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For one NSString, I have N pattern strings. I'd like to extract substrings "around" the pattern matches.

So, if i have "the quick brown fox jumped over the lazy dog" and my patterns are "brown" and "lazy" i would like to get "quick brown fox" and "the lazy dog." However, the substrings don't necessarily need to be delimited by whitespace.

Another example would be if you had multiple paragraphs of text and wanted to find all instances of "red" and "blue" in the text, but you wanted to show the instances of "red" and "blue" in context, but by "context" you didn't care if the context started and ended with the beginnings or endings of words in the body of text, so if you had one of the sentences in the body of text as "there are a whole lot of red ducks in the trees" the result could be "whole lot of red ducks in" or "ole lot of red ducks in th" and it wouldn't matter -- i'm not looking for a whitespace based solution. it could just be to find "red" and get the substring that is "red" and the 10 characters before and the 10 characters after.

In other words, there are some "range" based string matching functions. I was hoping there was an easy way to match multiple strings at once and return each string's matching point plus surrounding characters.

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This seems underspecified. The example you gave seems to be that the "patterns" return text separated by no more than one space from the pattern text. But if they're not delimited by whitespace, how do we know what to return? –  Chuck Mar 13 '10 at 4:10
edited to be more clear. –  Matt Mar 13 '10 at 4:19

2 Answers 2

up vote 3 down vote accepted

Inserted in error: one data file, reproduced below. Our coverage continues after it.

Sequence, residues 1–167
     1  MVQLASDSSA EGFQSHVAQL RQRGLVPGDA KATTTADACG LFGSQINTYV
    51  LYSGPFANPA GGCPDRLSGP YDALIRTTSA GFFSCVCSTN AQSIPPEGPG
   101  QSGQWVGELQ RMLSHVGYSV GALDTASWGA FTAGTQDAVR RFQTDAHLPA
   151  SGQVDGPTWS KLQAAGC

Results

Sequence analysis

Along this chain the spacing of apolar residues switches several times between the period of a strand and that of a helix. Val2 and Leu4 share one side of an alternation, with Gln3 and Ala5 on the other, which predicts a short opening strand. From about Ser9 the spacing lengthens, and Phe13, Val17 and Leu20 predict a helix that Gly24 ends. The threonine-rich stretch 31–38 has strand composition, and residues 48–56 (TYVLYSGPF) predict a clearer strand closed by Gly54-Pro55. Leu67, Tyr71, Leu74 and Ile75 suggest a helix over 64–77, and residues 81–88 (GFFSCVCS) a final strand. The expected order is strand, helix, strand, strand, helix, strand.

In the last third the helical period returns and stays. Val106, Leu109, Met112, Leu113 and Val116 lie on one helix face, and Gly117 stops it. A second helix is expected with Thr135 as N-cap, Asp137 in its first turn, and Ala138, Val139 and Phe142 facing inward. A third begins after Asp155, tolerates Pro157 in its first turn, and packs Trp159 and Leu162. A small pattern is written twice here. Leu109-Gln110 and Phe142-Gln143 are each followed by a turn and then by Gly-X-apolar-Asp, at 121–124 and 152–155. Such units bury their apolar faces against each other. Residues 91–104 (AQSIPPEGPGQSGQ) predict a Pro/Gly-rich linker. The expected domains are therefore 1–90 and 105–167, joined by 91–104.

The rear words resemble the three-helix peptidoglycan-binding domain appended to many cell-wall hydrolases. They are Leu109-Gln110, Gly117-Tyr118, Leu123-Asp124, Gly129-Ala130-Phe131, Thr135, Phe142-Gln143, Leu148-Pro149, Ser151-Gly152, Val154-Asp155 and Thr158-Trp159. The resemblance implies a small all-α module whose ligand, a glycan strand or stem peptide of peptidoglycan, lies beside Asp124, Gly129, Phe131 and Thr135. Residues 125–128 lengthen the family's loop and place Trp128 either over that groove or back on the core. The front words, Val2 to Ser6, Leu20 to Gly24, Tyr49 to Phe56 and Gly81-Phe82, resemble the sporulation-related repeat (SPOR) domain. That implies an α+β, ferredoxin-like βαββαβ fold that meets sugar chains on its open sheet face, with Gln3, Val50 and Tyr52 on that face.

You could use regular expressions provided by a third party framework (e.g. RegexKit or RegexKitLite). To create the RE, join the patterns with "|" and prepend and append parentheses and patterns to capture context. Match the string against the regexp.

Some example prefix & suffix patterns:

  • ".{,15}(", ").{,15}" to match up to 15 characters
  • "(\w+\W+){,4}(", ")(\W+\w+){,4}" to match up to 4 words
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Adding my vote for RegexKitLite. You can get results as an array of matching capture components, or an array of ranges which tell you where in the string the matched components are. It should be able to do everything you're asking for. –  Victorb Mar 13 '10 at 8:18

I think what you want is NSScanner. To find an arbitrary string within a larger string, you do something like:

 NSString *scannedString = nil;
 NSScanner *scanner = [NSScanner scannerWithString:@"The quick brown fox jumped over the lazy dog"];
 [scanner scanUpToString:@"brown" intoString:&scannedString];
 // scannedString is now @"The quick " and the scanner's location is right before "brown"

To get the context, you'll need to decide how much around the location where "brown" was found you want to include in your result.

As an alternate solution when you're always looking for words, you could use NSString's componentsSeparatedByString: to get an array and then return the element + x many elements around it. For example:

 NSArray *words = [@"The quick brown fox jumped over the lazy dog" componentsSeparatedByCharactersInSet:[NSCharacterSet whitespaceAndNewlineCharacterSet];
 NSUInteger wordLocation = [words indexOfObject:@"brown"];
 NSString *wordInContext = [[words subarrayWithRange:NSMakeRange(brownlocation-2, brownLocation+2)] componentsJoinedByString:@" "];

(All the examples here are lacking necessary error checking, but it's just to give you an idea of ways you can do things like this.)

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